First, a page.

It was thirty years ago, my first time in Hollywood. I was at the offices of TV Guide Los Angeles, at the time located on a top floor of a tower on Sunset Boulevard.
I step into the elevator, and there’s Jay Leno. This was well before he became host of The Tonight Show. Despite the fact he was dressed casually in bike leathers and jeans, I recognized him instantly. He was already one of the biggest names on the comedy club and talk show circuits.
I guess I was starring a little, never having been in an elevator with a big star before. Leno sensed my unease, stuck out his hand, and said, “Hi, I’m Jay Leno. Where ya from?” He couldn’t have been friendlier and made a very winning impression.
Thursday he leaves The Tonight Show for a second time. The first time didn’t go so well–for NBC and Conan O’Brien–but now, at 63, Leno goes out on top of the ratings. He beat arch rival David Letterman nineteen years in a row. 
The contrast with Johnny Carson’s exit, however, is extreme. Carson enjoyed a year-long victory lap when he quit at 66 in 1992. Bette Midler sang, “One For My Baby” and millions wept. It felt like a death in the family.
When Carson left, it also meant the end of the road for Ed McMahon and Doc Severensen. Leno had a few bandleaders and announcers and nobody will ever remember any of them.
Leno leaves after nearly 22 years as host, putting him second only to Carson in terms of longevity on Tonight. Jack Paar left after five touchy but memorable years. Original host Steve Allen also lasted four or five years if you count the year Tonightwas a local late night entry.  When Allen left to do other things, by all accounts, it was a big deal, too.
Even Conan O-Brien’s hasty exit was an event. In Canadian political terms, O’Brien was Joe Clark to Leno’s Trudeau, basically a temp. That last Conan Tonight Show was unforgettable, however, a tour-de-force. O’Brien went out on his shield.
Leno’s departure should be a big deal, but it isn’t. He’s booked his pal Billy Crystal and Garth Brooks as his guests, which sounds like a pretty good lineup for 1993.
When he was shoved aside by NBC the first time, for O’Brien, Leno ended his show by gathering on stage all the children born by his staff over the years. I’ve been to a Leno taping at NBC in Burbank, and the people who work for him, including former publicists, say he’s the best boss ever.
Leno and kids at his last “final” Tonight Show appearance in 2009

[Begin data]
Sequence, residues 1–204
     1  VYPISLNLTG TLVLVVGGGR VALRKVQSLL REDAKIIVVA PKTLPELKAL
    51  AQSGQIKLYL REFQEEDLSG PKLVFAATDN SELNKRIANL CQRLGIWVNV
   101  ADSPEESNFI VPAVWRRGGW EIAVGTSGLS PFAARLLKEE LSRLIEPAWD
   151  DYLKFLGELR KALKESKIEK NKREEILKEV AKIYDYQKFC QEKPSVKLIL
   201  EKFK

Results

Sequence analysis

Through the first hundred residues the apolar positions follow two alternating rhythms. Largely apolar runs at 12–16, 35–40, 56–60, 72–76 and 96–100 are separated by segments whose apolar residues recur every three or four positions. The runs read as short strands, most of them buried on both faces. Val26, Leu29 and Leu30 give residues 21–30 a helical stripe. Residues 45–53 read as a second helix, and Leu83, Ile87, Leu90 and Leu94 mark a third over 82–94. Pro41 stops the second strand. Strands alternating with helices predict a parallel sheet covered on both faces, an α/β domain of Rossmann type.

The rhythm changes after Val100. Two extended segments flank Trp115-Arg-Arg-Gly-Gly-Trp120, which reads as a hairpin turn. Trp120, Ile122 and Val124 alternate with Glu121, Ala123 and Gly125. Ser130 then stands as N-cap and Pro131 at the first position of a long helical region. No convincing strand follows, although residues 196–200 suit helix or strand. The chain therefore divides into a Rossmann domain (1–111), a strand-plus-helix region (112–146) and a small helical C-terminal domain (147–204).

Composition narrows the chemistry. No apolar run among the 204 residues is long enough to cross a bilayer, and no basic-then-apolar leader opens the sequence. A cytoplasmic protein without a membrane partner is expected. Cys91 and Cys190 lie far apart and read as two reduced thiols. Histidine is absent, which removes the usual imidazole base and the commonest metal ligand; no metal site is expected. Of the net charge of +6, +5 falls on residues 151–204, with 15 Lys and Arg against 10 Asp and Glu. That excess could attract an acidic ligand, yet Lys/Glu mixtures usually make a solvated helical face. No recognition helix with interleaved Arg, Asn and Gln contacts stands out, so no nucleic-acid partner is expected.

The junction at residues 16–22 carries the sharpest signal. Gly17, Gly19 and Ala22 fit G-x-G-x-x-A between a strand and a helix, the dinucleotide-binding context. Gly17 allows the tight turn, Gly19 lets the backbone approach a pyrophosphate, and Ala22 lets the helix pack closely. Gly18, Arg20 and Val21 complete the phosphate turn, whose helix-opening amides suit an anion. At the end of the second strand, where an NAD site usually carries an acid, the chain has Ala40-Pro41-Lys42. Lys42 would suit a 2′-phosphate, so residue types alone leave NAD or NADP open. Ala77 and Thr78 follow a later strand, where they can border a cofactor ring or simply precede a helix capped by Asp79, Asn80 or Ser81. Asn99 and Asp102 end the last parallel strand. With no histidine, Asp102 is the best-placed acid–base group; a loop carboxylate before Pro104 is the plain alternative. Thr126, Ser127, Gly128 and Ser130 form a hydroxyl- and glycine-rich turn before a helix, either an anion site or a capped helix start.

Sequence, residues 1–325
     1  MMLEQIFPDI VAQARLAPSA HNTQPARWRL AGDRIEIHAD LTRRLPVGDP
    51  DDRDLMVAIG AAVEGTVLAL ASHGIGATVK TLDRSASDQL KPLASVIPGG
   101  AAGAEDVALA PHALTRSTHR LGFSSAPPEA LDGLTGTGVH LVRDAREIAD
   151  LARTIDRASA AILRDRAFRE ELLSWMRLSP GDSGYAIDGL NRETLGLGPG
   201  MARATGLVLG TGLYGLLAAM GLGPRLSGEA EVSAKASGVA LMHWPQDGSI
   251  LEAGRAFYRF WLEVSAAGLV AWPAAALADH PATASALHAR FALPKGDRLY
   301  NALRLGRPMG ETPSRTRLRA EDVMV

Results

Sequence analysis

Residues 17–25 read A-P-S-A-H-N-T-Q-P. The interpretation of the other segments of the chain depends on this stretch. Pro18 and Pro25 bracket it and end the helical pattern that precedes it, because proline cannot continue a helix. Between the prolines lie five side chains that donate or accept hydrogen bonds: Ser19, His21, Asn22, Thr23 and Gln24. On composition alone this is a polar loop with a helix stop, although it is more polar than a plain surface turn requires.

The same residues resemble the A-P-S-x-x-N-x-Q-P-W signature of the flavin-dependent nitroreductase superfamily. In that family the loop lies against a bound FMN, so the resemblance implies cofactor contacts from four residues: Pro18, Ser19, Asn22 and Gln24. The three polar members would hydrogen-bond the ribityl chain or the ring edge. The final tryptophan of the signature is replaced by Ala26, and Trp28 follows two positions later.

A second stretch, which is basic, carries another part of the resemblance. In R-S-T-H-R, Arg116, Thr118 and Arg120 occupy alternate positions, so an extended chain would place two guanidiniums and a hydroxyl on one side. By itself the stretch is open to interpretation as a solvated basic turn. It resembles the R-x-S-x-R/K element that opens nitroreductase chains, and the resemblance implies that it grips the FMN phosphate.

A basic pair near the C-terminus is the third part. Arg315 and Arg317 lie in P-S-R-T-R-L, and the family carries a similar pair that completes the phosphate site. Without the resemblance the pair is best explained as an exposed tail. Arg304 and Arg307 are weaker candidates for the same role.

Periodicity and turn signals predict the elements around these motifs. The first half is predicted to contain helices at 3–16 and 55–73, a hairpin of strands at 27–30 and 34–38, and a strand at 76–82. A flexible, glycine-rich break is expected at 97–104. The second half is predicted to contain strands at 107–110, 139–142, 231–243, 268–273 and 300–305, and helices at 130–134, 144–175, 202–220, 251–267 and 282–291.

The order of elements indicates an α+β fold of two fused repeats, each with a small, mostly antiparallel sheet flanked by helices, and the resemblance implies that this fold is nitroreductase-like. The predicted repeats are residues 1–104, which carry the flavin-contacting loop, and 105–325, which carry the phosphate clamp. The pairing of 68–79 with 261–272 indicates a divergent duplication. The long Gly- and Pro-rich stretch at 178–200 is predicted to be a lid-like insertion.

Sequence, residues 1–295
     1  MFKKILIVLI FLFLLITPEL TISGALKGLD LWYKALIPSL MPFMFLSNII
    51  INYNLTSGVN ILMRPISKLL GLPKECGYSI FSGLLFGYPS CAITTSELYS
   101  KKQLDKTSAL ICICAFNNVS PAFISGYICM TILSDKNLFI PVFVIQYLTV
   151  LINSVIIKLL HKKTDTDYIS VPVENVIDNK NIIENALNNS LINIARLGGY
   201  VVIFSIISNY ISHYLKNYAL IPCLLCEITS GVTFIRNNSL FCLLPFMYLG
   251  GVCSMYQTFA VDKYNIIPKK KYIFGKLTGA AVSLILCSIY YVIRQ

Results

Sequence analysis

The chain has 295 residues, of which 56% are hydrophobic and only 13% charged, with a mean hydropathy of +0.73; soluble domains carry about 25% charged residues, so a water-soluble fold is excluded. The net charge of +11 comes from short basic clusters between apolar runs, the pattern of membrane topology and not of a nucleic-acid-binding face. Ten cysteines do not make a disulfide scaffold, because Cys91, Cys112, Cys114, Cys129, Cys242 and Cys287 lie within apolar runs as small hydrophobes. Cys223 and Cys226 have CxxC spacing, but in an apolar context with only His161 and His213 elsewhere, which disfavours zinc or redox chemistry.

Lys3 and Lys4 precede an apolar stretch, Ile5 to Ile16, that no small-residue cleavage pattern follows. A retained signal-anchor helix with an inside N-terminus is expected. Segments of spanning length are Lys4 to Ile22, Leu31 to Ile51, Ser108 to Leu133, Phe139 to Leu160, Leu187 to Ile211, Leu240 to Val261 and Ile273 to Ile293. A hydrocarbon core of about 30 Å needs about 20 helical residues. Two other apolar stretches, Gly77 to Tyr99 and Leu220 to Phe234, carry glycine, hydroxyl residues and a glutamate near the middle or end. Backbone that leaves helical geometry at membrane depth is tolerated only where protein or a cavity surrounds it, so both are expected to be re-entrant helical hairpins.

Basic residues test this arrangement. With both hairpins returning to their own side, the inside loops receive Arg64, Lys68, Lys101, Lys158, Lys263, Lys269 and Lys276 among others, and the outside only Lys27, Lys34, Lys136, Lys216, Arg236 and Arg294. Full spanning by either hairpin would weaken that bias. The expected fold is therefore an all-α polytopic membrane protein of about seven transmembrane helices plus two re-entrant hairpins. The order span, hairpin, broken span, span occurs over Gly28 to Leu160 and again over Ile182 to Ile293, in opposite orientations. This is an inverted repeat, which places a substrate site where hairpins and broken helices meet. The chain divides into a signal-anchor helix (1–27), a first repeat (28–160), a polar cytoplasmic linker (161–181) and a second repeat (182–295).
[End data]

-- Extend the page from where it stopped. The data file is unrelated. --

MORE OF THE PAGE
Now those families are all looking for work. Leno’s successor, Jimmy Fallon, is bringing Tonight back to New York. Tonightin LA dates back to the early ‘70s, when Carson brought the show West.  With Jay gone, so goes his studio. NBC has sold their entire lot in Burbank. Somebody else owns all the buildings remaining on the old NBC lot, right down to the parking space where Leno would roll in each day with a different car. Folks who line up to take the NBC Studio tour are now guests of some other company. The Peacock network has quietly transferred personnel and production to its sprawling NBC/Universal lot a mile or two West. Carson’s “Beautiful downtown Burbank” is no more.
Albert Brooks tweeted the other day about how he was one of the first guests on Carson’s LA Tonight Show and how odd it feels not to have that series down his street anymore. For Brooks and others, it feels like The Dodgers have moved back to Brooklyn.
None of this will matter too much to viewers. Most people could not tell where The Daily Show or Colbert originates. They just come for the funny.
That’s what Leno offered every night at 11:30. He brought jokes to people’s living rooms and put them over as well as anybody. Yet he leaves with a whimper. Could it be that people just expect him to pop up again in late night soon? Or is The Tonight Show just no longer “the late night place to be”?
It doesn’t seem to be in Canada, where Fallon’s Tonight Show–beginning Feb. 17–will air on CTV Two.

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